While the Asian Art Museum is closed in preparation for renovation, our curators are staying busy. Hear from Ping Foong, Foster Foundation Curator of Chinese Art, on what she’s busy with and how it will impact the Asian Art Museum.
SAM: What are you working on while the Asian Art Museum is closed for the next 18 months?
PING: I’m hoping to convene a panel of senior advisors to help us address big-picture questions for the museum: What defines Asian Art? How can we define Asian Art in the 21st century? What are the boundaries of Asia that we want to talk about? What role does contemporary Asian Art play? What role does less represented areas of Asia play? The term Asia doesn’t refer only to East Asia (China, Japan, Korea) or South Asia (India and Pakistan). So one of the big questions is how to balance the stories the collection itself can tell versus the stories we ought to tell. So, basically I’m asking my elders for help.
A motivation for the proposed renovation is to better display South Asian artworks, correct?
Yes, this is not my area, so I found us expert help: a senior curator of South Asian art will join my team as a consultant so that we will have “three pillars” representing our collection—China, Japan, and South Asia. Another important question is what role must Islam play in the display of Asian art. Islamic art is not geographically specific. Right? So, we have on display right now downtown a room full of Islamic art, but then the question is should it also be included in the Asian Art Museum? Where do you draw those lines? That’s an important question to ask. And how do we ask these questions? Well a curator has a very important role in these things, but I like to have feedback. I want this to be part of a conversation.
How do you see this conversation impacting the future of the Asian Art Museum?
The theme that surfaces often is transcultural connections. There are objects that cannot be defined by religion. We want to talk about how artistic styles travel. Other things travel that you may not imagine. For instance, tattoos travel because they’re on the body. I like to think about the ways that color travels. I would love to make a room full of color talking about the way that trade connects Persia and China. Cobalt goes from one end of the world to the other end and gets made into something and comes back. This process of going back and forth can be demonstrated with objects.
In the meanwhile, what sort of Asian art will be on view at Seattle Art Museum?
Yayoi Kusama: Infinity Mirrors is on view this summer. People are very excited about that exhibition. Another reason to be excited is Pure Amusements: Wealth, Leisure, and Culture in Late Imperial China. It’s basically a scholar’s objects show with a twist. Certainly, you get to see some very important examples of well-known furniture, lovely Ming dynasty chairs, elegant brush pots, pens—the kinds of objects that a scholar might need for everyday life. But the theme of the show is that these things are not just necessarily belonging to scholars. They belong to people who aspire to join the community scholars, or to participate in scholar culture. These beautifully crafted objects may have been made for somebody who wants a scholar’s object, but is not a member of that class.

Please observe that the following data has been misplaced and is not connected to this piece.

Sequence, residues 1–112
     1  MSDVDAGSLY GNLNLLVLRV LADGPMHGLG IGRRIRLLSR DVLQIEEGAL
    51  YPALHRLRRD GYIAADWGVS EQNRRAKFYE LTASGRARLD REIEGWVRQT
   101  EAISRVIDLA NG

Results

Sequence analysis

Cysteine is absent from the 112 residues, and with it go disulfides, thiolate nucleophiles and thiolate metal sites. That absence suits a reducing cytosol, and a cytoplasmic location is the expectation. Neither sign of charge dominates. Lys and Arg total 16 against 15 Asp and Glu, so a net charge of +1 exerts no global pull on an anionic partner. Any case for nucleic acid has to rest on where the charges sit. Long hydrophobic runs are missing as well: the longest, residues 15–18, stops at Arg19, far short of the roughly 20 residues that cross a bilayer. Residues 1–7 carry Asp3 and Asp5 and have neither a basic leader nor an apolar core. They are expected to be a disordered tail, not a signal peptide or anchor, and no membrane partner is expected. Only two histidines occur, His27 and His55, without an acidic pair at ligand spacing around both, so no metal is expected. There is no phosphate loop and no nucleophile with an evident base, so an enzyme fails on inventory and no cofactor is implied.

Also, it’s a chance to display things we’ve never displayed before. I found a set of very nice ink sticks that belonged to one of the most famous Chinese emperors. He lived in the 18th century and collected like a maniac. He was probably the greatest emperor collector on earth; no one had a bigger collection than him! These ink sticks are little and each of them looks like a tiny musical instrument. With an ink stick, you rub it with a little bit of water against the inside of an ink stone and you create ink you can use in paintings or calligraphy. They’re ephemeral, they disintegrate, but yet these ink sticks are so beautifully crafted.
Sounds like we won’t be missing out on Asian art in the interim. But what will you miss most while the Asian Art Museum is closed for proposed renovation?
Well, I miss a number of things. The offices, for example, those will change. They are historic offices. There’s history in sitting on those seats and that will go away. The plan right now is that where the current offices are will become perhaps the conservation studio and the administrative offices will move. So I will miss my beautiful window. I have a tree outside it. That was my favorite part about working in the park. As objects are concerned, I’ll miss my favorite Buddha.
What are you most excited about maybe in terms of the new space?
We’re planning on two new education spaces. Currently, we’re busting at the seams on Saturdays because we cannot accommodate all the kids who come to the museum. So we’ll have one space in the lower level, an art-making area, and a family area upstairs that is currently a gallery. It’s one of the most important parts of the proposed renovation because we just don’t have room for that currently.
Anything else you want to share about your future plans for the Asian Art Museum?
I think that the conversations we’re having with our advisory panel have to happen now, as I’m formulating ideas. And I do have some crazy ideas. I’m not sure if I can talk about them yet. It’s like this: Permanent collections—we’ve got to bring them a little love. You know? I want to put together a new and exciting narrative that people will love now and in the future.
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